McDuffie’s benefits were reinstated in February of 2011 when McDuffie’s physician, Dr. Pope, recommended additional surgery. That surgery was performed in March of 2011, after which Dr. Pope stated that McDuffie could return to work with sedentary restrictions.
In July of 2011 Dr. Pope found that McDuffie’s knee had returned to the condition that existed before the 2009 injury. A second physician, Dr. Gupta, agreed. McDuffie’s indemnity benefits were again suspended.
McDuffie sought reinstatement of his workers’ compensation indemnity benefits. A hearing was held before an administrative law judge [ALJ] who denied McDuffie’s request. This decision to deny reinstatement of benefits was affirmed by the Appellate Division of the State Board of Workers’ Compensation, and affirmed again by the Dodge County Superior Court.
This appeal followed.
McDuffie first argued that the determination that his knee had returned to its pre-2009 condition was improper because of all the contradictory evidence of his actual physical condition that existed before 2009.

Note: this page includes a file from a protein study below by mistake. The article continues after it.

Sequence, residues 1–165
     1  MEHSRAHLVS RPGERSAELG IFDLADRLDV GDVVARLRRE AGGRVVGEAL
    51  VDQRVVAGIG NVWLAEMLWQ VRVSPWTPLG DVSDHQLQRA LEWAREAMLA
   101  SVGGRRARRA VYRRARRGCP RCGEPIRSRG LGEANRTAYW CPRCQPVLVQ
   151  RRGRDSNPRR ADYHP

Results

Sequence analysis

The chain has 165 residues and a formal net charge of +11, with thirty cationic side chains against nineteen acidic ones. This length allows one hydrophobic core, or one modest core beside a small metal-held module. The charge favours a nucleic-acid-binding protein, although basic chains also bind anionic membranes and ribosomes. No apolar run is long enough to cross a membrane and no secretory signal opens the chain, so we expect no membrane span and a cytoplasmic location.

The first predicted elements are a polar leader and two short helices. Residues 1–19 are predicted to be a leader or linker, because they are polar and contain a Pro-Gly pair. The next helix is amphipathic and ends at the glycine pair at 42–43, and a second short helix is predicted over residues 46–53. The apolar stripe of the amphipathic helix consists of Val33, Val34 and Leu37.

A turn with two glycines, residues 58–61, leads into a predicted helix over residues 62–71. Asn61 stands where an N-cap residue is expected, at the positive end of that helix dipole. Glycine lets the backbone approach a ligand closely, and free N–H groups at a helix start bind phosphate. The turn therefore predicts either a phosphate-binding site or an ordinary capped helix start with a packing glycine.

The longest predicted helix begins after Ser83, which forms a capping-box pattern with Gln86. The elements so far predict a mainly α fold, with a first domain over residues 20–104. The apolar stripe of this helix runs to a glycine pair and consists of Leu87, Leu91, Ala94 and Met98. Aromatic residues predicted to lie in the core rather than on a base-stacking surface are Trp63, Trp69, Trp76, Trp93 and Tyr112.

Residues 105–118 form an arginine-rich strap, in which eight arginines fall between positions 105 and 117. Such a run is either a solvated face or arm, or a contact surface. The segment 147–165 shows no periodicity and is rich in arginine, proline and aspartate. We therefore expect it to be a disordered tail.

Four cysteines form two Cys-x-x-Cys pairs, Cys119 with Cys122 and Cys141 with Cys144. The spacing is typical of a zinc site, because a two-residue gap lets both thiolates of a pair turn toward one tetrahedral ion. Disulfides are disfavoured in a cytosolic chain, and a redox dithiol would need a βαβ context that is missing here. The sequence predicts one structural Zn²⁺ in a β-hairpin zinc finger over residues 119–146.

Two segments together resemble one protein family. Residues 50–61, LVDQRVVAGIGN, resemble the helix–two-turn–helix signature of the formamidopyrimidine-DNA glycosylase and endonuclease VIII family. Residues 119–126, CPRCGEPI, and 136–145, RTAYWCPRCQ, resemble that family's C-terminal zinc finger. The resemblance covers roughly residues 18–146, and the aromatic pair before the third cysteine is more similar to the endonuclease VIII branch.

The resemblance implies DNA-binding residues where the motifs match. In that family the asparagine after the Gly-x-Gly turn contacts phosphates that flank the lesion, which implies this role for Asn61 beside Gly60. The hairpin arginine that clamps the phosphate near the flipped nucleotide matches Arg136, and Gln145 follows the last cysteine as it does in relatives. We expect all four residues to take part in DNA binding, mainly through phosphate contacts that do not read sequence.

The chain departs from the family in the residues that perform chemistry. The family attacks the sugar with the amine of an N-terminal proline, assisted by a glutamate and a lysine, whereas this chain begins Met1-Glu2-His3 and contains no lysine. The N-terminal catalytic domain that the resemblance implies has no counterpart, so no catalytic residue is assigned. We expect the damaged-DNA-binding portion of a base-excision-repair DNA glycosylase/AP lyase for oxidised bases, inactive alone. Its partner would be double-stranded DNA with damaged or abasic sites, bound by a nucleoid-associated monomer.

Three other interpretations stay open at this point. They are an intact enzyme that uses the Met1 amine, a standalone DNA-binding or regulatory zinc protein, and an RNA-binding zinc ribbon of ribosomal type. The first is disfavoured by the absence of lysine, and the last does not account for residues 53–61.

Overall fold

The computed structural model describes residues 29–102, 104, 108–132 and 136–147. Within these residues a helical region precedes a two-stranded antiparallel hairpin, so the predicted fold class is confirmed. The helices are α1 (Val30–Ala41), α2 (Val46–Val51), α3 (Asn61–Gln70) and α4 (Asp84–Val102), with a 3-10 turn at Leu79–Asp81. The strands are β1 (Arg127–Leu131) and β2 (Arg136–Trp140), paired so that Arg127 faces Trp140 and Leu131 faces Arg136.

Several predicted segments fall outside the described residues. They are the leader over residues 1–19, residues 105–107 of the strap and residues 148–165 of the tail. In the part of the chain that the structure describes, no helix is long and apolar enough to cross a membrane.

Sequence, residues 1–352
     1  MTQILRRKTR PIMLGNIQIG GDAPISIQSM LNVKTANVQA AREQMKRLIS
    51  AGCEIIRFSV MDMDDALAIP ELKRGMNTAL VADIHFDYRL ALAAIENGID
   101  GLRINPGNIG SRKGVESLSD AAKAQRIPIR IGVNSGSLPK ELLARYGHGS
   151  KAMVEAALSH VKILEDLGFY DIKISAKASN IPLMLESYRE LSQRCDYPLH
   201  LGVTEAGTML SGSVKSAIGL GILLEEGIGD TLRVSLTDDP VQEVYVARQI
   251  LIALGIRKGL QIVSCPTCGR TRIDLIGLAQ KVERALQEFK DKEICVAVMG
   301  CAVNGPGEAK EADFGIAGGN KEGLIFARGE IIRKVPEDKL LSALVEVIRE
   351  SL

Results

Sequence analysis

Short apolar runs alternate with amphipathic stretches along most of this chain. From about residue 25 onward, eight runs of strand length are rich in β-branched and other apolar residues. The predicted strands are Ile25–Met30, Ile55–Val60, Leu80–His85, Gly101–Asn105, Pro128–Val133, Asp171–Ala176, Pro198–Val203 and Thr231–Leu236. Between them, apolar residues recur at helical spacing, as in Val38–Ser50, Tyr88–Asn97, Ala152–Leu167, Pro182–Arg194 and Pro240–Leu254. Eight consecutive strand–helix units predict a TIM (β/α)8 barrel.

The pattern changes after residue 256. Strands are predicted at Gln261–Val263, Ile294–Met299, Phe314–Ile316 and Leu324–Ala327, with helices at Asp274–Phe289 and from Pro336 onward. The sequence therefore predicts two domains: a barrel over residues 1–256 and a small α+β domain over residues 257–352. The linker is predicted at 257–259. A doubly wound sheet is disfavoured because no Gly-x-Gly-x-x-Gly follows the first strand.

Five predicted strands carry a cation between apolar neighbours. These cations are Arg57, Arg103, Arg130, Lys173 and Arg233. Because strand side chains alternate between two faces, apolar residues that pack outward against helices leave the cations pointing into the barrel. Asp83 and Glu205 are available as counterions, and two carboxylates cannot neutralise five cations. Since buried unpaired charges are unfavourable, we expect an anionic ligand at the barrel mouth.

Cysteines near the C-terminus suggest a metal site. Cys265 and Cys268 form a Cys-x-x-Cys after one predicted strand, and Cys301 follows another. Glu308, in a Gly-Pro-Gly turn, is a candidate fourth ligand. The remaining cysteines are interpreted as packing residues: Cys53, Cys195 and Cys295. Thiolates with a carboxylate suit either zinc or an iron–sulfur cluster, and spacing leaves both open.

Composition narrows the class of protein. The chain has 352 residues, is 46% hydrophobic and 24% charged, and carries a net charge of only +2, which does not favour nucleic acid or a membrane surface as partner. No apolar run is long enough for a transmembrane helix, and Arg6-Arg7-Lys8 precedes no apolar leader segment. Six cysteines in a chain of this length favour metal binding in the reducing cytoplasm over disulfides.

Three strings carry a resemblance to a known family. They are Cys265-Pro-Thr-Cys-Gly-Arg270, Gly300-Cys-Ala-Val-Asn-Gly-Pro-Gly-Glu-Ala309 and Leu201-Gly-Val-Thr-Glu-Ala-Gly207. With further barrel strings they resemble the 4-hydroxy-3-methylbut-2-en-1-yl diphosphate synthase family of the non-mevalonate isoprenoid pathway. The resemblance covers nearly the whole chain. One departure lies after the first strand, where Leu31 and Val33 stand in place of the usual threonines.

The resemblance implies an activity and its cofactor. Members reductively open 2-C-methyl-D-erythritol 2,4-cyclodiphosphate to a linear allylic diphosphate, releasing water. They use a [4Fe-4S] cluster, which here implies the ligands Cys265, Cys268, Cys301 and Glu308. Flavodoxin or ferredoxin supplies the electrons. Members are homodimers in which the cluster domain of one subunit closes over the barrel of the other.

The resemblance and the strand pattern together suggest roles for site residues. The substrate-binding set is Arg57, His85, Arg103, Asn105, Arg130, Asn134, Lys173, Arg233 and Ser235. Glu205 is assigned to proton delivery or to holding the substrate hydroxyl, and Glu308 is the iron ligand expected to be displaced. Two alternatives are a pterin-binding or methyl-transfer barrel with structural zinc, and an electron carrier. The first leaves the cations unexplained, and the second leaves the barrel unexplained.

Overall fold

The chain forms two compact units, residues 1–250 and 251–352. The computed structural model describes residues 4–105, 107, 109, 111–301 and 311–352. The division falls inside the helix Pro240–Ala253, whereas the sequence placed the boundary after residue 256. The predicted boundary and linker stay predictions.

According to the Georgia Court of Appeals, the employer had the burden of proving that the employee’s condition had improved. On appeal, the decision of the ALJ on this issue would not be disturbed if there was any evidence to support it. The ALJ’s responsibility included weighing the evidence and resolving questions of fact, sometimes from conflicting evidence.
In this case, Dr. Pope stated that, following the March 2009 surgery, McDuffie had returned to his pre-2009 condition, and Dr. Gupta reached the same opinion. There was conflicting evidence in the record, but the finding of the ALJ was supported by some evidence. The Georgia Court of Appeals affirmed the decision of the lower tribunals on this first issue.
The second argument raised by McDuffie in this appeal was that the medical opinions of Dr. Pope and Dr. Gupta did not constitute legally competent evidence. According to McDuffie, their opinions were not based on “reasonable medical certainty.” As such, it was improper for the ALJ even to consider this evidence in support of the findings of fact.
The court of appeals stated that medical opinions based on “reasonable medical certainty” were not required in workers’ compensation cases. A “reasonable probability” was all that was required.